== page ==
William Cabell Rives


William Cabell Rives

William Cabell Rives (May 4, 1793 – April 25, 1868) was an American lawyer, politician and diplomat from Albemarle County, Virginia. He represented Virginia as a Jackson Democrat in both the U.S. House and Senate and also served as the U.S. minister to France.

Rives was born at "Union Hill", the estate of his grandfather, Col. William Cabell, in Amherst County, Virginia. The estate was located along the James River in what is now Nelson County. His parents were Robert (1764–1845) and Margaret Cabell (c.1770–1815) Rives. His brothers included Alexander Rives. Rives was the great-uncle of Alexander Brown, author of several books on the early history of Virginia and of "The Cabells and their Kin" (1895). [cite web|url=http://www.lib.virginia.edu/small/collections/cabell/resources/cabellsandtheirkin.html|title=The Cabells and Their Kin By Alexander Brown (1843–1906)|publisher=UVa Special Collections Library|accessmonthday=August 20 |accessyear=2008] After private schooling, William Cabell Rives attended Hampden-Sydney College and then the William and Mary until 1809.

Leaving Williamsburg, he studied law with Thomas Jefferson at Monticello and was admitted to the bar at Richmond in 1814. Rives began his law practice in Nelson County, but in 1819 he married Judith Page Walker (1802–1882) and moved to the estate she had inherited, named "Castle Hill" near Cobham in Albemarle County. (Cobham is about 12 miles east of Charlottesville.) This would remain his home for the rest of his life. Rives political career began when he served in the state constitutional convention in 1816. He served in the Virginia House of Delegates in 1817–19 for Nelson County, and again in 1822 for Albemarle County. Later in 1822 he was elected to the United States House of Representatives and served from 1823–29. From 1829 to 1832 he was minister to France. His name was brought forward as a candidate for the Democratic vice presidential nomination in 1835, but the nomination by the 1835 Democratic National Convention ultimately went to Richard M. Johnson.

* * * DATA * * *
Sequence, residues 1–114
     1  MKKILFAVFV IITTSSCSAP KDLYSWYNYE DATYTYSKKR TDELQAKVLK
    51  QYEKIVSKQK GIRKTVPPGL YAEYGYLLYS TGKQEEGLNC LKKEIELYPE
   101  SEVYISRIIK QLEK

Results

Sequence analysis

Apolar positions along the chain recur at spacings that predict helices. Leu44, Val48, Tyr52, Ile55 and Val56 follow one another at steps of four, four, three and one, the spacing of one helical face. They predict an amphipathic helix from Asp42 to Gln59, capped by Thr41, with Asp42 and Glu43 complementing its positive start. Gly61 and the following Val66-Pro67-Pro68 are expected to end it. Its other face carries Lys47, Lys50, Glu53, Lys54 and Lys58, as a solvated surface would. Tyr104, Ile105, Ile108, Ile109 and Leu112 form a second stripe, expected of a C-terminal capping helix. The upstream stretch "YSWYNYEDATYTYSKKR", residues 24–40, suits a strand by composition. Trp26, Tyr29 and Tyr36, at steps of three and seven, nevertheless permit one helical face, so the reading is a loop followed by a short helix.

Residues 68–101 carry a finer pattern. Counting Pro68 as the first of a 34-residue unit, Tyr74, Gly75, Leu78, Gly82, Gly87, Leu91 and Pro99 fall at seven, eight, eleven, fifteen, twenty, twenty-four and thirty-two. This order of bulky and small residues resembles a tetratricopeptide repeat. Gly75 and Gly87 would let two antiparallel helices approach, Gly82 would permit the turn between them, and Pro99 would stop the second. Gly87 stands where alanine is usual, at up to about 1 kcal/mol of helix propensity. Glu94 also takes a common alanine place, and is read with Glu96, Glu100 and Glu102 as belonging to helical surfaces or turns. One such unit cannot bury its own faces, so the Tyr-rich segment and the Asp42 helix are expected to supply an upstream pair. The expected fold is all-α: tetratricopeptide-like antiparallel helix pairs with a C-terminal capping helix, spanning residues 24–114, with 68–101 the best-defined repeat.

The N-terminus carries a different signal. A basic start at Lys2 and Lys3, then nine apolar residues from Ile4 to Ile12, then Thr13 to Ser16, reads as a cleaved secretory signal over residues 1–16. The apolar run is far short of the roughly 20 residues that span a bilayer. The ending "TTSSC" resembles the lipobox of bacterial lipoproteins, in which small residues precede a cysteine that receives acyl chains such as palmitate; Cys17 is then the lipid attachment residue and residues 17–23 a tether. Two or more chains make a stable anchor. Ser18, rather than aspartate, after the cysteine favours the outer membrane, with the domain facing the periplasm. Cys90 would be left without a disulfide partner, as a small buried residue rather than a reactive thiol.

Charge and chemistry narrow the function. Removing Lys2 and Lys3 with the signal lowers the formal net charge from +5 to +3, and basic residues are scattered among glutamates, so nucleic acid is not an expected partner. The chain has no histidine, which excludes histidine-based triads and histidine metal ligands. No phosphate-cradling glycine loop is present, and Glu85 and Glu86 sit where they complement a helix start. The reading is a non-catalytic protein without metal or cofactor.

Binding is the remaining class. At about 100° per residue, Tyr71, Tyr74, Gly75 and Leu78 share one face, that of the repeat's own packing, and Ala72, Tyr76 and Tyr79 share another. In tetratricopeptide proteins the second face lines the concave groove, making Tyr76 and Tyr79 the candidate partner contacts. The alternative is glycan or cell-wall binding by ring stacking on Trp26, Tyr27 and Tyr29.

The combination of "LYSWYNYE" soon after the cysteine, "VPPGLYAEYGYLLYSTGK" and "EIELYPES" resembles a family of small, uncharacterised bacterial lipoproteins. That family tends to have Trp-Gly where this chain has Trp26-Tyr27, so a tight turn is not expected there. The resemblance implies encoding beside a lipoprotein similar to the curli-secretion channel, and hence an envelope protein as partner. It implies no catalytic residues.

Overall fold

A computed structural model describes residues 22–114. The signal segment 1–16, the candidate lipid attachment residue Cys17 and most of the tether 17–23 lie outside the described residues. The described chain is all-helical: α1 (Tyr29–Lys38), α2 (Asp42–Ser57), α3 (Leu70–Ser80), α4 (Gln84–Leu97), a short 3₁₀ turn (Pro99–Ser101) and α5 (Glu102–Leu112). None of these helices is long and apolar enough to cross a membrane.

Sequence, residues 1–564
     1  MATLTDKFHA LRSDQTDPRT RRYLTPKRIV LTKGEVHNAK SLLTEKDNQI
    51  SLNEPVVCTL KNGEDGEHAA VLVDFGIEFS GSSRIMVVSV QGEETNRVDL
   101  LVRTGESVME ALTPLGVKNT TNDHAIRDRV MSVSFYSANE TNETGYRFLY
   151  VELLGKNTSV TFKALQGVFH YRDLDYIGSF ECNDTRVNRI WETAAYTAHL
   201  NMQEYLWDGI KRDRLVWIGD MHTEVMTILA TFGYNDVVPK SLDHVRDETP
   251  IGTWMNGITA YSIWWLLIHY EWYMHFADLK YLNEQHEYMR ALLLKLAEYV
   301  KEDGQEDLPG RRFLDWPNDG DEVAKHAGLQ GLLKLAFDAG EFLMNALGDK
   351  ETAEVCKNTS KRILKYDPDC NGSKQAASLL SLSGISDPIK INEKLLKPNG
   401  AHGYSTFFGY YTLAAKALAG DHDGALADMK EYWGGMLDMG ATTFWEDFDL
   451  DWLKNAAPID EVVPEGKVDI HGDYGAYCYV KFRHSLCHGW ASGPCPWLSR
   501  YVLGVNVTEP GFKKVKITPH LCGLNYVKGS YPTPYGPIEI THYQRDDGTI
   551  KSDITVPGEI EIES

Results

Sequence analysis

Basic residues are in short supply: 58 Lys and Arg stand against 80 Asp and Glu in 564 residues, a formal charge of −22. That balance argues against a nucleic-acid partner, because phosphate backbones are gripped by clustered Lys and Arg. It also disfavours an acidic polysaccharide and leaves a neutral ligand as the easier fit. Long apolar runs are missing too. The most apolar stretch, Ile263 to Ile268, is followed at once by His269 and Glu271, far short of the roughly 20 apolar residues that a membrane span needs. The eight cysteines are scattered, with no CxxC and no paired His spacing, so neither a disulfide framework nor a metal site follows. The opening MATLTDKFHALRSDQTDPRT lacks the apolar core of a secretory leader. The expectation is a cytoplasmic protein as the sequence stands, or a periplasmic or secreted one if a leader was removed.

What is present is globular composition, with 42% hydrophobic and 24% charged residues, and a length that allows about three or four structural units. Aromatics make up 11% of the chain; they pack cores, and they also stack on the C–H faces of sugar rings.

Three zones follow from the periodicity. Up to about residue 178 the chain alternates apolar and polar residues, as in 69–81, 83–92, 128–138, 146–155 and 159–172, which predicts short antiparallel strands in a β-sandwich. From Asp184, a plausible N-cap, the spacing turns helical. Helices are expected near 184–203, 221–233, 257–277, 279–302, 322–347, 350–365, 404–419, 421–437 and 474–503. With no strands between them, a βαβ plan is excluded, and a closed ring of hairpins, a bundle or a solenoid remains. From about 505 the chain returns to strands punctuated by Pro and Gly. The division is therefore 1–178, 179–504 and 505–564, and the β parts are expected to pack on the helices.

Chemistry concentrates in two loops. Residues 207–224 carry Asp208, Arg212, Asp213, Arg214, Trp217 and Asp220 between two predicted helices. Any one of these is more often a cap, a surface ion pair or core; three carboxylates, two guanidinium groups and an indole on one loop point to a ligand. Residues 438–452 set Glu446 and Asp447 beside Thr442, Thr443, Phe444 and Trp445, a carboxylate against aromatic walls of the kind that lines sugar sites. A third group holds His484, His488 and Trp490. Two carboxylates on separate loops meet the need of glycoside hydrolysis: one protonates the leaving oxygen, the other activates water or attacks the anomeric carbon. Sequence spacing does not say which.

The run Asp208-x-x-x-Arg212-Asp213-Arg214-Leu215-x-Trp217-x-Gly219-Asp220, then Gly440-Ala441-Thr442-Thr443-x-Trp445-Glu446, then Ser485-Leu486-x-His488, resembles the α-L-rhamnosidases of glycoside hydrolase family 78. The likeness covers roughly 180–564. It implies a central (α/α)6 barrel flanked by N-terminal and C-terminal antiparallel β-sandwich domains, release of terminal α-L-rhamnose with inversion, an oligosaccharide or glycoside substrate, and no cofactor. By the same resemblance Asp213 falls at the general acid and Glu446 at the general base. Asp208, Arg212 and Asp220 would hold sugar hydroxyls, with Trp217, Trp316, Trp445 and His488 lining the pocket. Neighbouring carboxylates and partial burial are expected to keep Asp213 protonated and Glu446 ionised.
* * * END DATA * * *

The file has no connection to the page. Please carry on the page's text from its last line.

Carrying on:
When Rives returned from France, he was elected to complete a term in the United States Senate. In all he would serve parts of three terms there, the last as a member of the Whig Party. From 1849 to 1853, he was again minister to France.

In February 1861 he was a delegate to the Peace Conference in Washington; he opposed secession, but was loyal to his state when it seceded. He represented the state in the Provisional Confederate Congress from 1861 to 1862 served in the Second Confederate Congress from 1864 to 1865 during the Civil War.

Rives died at the country estate of "Castle Hill" in 1868 and is buried in a family plot there. He was the author of several books, the most important being his "Life and Times of James Madison" (3 vols., Boston, 1859–68). He served on the Board of Visitors for the University of Virginia from 1834–1849, and was for many years the president of the Virginia Historical Society.

His son, Alfred Landon Rives was an engineer of some prominence, and his granddaughter Amélie Rives became well known as a novelist, her best known book being "The Quick or the Dead?" (1888).

Notes and references

External links

*CongBio|R000285 | findagrave=10353022


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